Susperia (1977) – Film


Movie #23: 31- Days of Horror Challenge 2018

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Susy Bannon arrives at the prestigious Tanz Academy in Freiburg, Germany on a stormy night, just in time to see one of the other students run away into the rainy night, she is then refused admittance into the building, when returning the following morning to find out that the girl has died.  As more strange things start to happen in and around the school, Susy learns about the true history of the school. 

This film is considered Argento’s greatest masterpiece, although some may argue that Profondo Rosso (1975) is, but that debate is for another day.   Regardless, Argento’s inspired use of color and sound (Soundtrack by Goblin… go listen to more of their work – this is all I will say about it, Goblin’s music deserves all the praise you’ve heard and more.)  to assault the senses in this are without doubt genius.   And the layers of visual over-stimulation continue, if the audience doesn’t catch the hint when Susy, our heroine, first gives the address as Escherstrasse, that sweeping staircase in the entrance of the dance school certainly draws the audience’s attention to MC Escher’s artistic influence throughout the entire school set, some subtle, some bash you over the head.  Also, what I at first thought of a as a very gothic setting, specifically the doors with the annoyingly high knobs, I realized later, was, in tandem with the bright “Snow White” themed colors, was intended to imply a group of younger or at least more immature girls, as evidenced by the behavior of the girls in a few scenes, but obviously with the level of violence in this, it would not have been appropriate to film with children.  At least not in 1977.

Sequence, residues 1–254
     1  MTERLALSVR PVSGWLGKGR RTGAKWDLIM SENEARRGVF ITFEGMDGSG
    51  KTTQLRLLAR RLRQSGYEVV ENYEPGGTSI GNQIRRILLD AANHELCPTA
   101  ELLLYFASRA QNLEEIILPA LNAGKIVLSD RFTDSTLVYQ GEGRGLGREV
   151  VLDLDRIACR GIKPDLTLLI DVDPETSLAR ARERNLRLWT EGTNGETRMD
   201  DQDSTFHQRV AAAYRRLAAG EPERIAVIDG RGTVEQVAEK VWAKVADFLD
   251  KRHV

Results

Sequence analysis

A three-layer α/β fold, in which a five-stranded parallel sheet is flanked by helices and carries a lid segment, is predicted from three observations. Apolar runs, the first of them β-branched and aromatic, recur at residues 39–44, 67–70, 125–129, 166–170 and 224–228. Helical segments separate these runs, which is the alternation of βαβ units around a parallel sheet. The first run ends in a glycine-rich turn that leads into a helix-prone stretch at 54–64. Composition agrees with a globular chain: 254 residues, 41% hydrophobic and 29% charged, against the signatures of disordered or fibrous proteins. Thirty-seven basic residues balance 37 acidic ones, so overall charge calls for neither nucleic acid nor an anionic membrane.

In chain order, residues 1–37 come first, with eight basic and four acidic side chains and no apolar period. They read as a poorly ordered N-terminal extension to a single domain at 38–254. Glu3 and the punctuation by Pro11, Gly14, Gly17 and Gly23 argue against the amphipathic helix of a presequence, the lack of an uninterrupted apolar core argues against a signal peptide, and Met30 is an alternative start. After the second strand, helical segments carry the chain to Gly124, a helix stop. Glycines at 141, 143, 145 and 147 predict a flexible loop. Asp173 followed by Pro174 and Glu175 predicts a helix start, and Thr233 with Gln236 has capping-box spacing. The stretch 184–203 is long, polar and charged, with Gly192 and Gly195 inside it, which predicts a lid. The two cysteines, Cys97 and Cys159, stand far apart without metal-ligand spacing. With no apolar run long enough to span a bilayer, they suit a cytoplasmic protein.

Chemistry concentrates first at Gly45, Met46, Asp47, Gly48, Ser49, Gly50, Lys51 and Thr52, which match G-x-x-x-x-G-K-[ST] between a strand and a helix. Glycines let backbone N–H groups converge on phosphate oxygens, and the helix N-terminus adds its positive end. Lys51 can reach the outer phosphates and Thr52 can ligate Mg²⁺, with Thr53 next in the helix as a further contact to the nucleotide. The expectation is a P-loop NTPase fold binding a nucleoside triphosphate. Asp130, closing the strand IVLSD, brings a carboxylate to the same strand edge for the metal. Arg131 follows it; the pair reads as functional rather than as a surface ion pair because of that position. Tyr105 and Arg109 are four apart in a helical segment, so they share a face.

Although the plot is rather thin, it’s still interesting.  I mean how many of us have imagined our teachers or other authority figures are an evil coven of sorts.

The violence and gore in this is signature Argento.  The man has a unique talent for inventive murder scenes and always satisfies my gore-whore heart.  That first murder scene in this is … well… my brain is offering up mixed adjectives so that’s what you, dear reader, get and must make of what you will:  Captivating, stunning, paralyzing, heart-wrenching, glorious, beautiful, and unrelenting.  Honestly, these are appropriate for the entire film.

If you’ve never seen this, and are going into it expecting a more cerebral type horror, you won’t get it.  This is a visual spectacle and a sound onslaught in the best possible way.

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